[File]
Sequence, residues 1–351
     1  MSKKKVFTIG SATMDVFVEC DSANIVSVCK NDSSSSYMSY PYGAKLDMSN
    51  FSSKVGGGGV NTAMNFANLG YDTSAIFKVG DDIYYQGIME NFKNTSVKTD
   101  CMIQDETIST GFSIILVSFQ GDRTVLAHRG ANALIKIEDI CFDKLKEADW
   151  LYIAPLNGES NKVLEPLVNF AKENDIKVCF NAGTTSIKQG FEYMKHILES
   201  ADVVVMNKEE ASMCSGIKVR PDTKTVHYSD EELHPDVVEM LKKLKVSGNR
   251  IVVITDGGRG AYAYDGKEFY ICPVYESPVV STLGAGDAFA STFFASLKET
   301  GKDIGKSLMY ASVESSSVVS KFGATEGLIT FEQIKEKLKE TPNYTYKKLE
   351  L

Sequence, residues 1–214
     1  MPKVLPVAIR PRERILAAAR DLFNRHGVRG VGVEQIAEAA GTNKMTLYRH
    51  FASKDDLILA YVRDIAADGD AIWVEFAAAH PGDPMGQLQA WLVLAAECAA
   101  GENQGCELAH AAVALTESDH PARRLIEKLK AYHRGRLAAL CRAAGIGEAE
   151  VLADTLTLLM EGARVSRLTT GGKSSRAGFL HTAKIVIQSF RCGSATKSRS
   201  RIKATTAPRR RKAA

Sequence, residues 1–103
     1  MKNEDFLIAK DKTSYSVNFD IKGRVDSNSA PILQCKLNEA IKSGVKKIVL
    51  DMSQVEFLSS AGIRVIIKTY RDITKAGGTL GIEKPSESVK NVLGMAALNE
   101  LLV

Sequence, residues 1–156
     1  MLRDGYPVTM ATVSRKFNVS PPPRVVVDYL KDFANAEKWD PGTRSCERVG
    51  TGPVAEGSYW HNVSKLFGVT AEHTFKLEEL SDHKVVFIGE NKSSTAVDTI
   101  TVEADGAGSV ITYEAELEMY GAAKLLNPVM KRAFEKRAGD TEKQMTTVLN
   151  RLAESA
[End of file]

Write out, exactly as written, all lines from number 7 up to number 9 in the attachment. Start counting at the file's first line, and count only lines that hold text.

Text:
   251  IVVITDGGRG AYAYDGKEFY ICPVYESPVV STLGAGDAFA STFFASLKET
   301  GKDIGKSLMY ASVESSSVVS KFGATEGLIT FEQIKEKLKE TPNYTYKKLE
   351  L